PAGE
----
The contrasting influences of incidental anger and fear on responses to a service failure

Lei Su*, Lisa C. Wan, Robert S. Wyer, Robert S. Wyer

*Corresponding author for this work

Research output: Contribution to journalArticlepeer-review

8 Citations (Scopus)


Customers’ disposition to register a formal complaint about an inferior product or poor service is often mediated by attributions of responsibility. However, the anger or fear that people happen to be experiencing for totally irrelevant reasons can also influence this disposition. Two field studies and four laboratory experiments indicate that when people feel angry at the time they encounter a service failure, they are more likely to blame the service provider for the failure and more likely to register a complaint. When they experience fear, however, they are uncertain about the cause of their misfortune and decrease their negative reactions relative to conditions in which fear is not experienced. The effects of these incidental emotions are evident both when a service failure is personally experienced and when it is only observed. These effects are eliminated, however, when individuals do not have the cognitive resources available to assess the reasons for the service failure and the conditions surrounding it.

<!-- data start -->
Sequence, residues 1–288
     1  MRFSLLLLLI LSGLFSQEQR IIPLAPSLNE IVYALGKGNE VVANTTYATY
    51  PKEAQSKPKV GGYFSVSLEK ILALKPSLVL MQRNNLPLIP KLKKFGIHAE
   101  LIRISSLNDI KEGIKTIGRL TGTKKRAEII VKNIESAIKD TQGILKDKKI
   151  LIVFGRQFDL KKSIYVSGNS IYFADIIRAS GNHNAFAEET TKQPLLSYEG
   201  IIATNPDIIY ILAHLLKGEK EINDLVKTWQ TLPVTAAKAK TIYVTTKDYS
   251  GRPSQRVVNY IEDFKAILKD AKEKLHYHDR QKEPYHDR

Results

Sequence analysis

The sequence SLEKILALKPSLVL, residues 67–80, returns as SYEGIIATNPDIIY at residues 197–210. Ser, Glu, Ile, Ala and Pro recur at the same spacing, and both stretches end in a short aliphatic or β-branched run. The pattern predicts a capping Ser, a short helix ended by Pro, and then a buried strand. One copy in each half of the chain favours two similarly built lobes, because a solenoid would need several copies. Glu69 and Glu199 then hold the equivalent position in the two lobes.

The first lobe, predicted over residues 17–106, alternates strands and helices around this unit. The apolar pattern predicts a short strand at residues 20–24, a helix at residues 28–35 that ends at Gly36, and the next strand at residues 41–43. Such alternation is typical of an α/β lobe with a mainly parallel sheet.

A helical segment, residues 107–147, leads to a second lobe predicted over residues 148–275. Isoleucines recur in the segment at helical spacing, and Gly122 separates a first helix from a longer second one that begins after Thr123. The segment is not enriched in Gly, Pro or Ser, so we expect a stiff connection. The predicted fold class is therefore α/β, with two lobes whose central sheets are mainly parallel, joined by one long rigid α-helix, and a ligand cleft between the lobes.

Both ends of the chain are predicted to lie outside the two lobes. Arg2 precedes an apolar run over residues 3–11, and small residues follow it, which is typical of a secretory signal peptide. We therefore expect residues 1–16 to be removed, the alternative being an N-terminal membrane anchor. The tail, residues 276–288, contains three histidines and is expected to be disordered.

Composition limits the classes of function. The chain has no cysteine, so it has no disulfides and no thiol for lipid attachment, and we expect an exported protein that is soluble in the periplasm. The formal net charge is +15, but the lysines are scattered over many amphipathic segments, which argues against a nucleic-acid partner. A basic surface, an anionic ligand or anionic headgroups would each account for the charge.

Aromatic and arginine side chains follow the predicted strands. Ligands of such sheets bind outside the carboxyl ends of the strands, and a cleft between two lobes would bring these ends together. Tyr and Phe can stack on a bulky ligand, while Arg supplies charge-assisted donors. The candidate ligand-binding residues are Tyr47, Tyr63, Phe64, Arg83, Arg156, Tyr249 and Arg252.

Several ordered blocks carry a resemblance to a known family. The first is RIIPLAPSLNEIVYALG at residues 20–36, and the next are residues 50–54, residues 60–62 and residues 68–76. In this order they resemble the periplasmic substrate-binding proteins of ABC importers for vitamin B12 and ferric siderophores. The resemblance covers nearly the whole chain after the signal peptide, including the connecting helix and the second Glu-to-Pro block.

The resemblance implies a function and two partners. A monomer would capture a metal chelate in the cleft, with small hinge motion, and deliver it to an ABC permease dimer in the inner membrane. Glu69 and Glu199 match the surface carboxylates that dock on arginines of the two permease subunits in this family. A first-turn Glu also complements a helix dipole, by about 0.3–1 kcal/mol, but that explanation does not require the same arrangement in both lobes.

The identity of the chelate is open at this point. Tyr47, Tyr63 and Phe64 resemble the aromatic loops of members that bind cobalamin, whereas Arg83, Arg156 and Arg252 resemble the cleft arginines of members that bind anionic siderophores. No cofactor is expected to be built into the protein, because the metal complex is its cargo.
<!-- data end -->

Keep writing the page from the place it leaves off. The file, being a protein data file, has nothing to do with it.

Original languageEnglish
Pages (from-to)666-675
Number of pages10
JournalPsychology and Marketing
Issue number9
Early online date18 May 2018
Publication statusPublished - Sep 2018

Scopus Subject Areas

  • Applied Psychology
  • Marketing

User-Defined Keywords

  • attribution
  • complaint
  • incidental emotion
  • purchase intention
  • service failure


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